An oxymoron (plural: oxymora, though more commonly seen as "oxymorons") is a figure of speech that combines two terms that are usually considered contradictory. The word "oxymoron" itself is an oxymoron derived from the Greek "oxy" (meaning "sharp") and "moros" (meaning "dull"). While it seems unusual to combine contradictory words, they can be used for exposing truths, for sarcasm, or for dramatic effect.
Some examples from famous authors/artists:
Many people misinterpret the definition by assuming that any two words (taken separately) that may have contradictory meanings are oxymora. This perception is often the result of changing the part of speech of one (or more) of the words, such as reading one word as a noun when it is actually being used as a verb. For example, "cardinal sin" is often perceived as an oxymoron because a cardinal is a high official in the Catholic Church who is though to be pure and godly - not sinful. However, in this case cardinal is not a noun, but an adjective meaning "of fundamental importance".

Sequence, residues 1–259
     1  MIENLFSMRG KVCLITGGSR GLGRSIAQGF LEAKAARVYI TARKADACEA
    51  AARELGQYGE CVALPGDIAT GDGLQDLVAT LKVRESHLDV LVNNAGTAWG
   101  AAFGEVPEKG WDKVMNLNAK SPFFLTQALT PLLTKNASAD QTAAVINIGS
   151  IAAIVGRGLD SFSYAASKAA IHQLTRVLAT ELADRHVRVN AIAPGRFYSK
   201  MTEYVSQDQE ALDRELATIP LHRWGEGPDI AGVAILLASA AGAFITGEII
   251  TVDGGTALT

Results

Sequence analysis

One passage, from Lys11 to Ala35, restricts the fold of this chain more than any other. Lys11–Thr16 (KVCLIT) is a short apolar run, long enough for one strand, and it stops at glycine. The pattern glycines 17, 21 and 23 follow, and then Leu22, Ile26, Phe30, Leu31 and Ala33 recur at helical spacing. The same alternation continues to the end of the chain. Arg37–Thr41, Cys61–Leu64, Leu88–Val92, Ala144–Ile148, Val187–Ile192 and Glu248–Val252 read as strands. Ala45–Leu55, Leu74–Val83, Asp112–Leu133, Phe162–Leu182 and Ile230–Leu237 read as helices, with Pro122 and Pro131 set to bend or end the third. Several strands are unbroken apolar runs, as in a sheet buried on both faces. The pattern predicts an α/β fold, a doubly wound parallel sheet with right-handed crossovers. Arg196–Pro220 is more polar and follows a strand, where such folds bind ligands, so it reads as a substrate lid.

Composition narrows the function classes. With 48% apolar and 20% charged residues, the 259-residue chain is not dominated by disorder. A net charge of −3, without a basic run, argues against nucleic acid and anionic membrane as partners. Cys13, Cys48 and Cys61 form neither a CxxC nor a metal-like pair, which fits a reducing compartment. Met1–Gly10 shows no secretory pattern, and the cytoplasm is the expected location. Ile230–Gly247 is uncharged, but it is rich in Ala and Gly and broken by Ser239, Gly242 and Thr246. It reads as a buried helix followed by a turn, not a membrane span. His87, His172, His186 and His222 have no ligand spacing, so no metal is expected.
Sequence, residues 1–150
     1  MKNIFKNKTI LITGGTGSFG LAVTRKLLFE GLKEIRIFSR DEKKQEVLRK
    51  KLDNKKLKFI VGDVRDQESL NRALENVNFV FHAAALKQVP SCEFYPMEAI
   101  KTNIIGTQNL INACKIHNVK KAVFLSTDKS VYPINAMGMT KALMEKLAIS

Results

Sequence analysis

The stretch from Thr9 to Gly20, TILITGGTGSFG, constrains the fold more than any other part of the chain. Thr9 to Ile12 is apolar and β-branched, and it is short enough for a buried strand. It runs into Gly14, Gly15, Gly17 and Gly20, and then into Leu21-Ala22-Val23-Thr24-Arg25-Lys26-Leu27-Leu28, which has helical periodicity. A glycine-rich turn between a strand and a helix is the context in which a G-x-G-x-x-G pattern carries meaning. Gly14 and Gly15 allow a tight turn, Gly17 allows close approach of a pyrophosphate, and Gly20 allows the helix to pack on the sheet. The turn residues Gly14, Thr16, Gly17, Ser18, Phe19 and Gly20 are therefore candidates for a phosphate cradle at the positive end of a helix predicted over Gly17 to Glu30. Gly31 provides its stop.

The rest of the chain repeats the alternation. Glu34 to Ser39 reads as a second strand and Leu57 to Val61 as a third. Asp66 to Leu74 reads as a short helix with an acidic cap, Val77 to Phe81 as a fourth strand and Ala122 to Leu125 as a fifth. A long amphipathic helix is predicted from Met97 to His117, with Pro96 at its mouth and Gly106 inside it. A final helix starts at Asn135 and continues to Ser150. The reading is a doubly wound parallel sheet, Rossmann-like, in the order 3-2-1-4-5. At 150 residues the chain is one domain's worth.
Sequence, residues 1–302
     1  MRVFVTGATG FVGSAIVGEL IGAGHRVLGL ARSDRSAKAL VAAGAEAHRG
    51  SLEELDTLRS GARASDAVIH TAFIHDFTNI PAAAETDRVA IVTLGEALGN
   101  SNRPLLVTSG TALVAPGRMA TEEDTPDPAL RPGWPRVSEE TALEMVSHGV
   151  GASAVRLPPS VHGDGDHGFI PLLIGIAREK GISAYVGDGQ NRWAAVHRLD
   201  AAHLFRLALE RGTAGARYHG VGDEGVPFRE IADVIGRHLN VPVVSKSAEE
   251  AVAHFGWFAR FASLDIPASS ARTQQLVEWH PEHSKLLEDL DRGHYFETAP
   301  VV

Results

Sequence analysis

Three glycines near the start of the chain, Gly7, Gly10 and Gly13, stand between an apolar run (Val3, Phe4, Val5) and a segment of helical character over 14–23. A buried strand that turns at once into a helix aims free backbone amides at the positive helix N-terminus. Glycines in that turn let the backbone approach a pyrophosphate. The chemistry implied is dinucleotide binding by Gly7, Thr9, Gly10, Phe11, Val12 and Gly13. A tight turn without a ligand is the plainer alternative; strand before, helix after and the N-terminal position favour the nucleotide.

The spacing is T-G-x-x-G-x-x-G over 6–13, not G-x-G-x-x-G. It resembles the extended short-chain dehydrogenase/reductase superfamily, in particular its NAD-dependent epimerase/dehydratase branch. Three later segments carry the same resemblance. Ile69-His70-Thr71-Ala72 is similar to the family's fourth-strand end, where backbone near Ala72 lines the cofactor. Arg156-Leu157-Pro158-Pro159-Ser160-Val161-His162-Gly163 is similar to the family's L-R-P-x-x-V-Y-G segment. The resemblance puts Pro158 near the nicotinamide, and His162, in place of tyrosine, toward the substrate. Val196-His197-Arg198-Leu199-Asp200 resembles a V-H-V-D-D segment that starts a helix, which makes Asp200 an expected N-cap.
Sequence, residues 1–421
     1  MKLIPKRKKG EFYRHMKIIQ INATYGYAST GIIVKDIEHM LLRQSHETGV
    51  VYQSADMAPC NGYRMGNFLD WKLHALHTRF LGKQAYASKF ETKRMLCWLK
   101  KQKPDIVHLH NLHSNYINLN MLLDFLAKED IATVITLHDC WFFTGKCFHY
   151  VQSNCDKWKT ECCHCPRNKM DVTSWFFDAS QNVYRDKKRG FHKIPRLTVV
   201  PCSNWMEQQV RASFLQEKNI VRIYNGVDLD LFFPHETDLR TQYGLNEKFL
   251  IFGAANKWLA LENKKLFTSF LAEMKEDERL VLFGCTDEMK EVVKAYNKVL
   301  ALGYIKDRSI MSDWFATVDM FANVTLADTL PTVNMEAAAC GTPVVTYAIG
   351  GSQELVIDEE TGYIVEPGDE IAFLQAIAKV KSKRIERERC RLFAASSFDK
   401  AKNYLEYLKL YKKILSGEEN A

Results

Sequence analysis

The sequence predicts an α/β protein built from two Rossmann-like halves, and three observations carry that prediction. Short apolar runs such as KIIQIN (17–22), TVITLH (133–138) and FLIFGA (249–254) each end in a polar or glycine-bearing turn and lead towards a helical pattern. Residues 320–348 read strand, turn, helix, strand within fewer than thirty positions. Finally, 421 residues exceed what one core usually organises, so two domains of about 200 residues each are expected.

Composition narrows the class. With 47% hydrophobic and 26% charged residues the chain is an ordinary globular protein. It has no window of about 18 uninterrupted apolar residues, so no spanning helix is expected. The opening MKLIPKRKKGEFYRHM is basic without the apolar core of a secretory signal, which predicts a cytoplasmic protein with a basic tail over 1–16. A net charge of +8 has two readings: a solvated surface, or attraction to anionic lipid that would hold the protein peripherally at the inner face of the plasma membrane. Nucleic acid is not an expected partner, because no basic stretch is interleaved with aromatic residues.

Thanks to zoeb and hapax for their suggestions.
Ox`y*mo"ron (?), n. [NL., fr. Gr. , fr. pointedly foolish; sharp + foolish.] Rhet.
A figure in which an epithet of a contrary signification is added to a word; e. g., cruel kindness; laborious idleness.
© Webster 1913.
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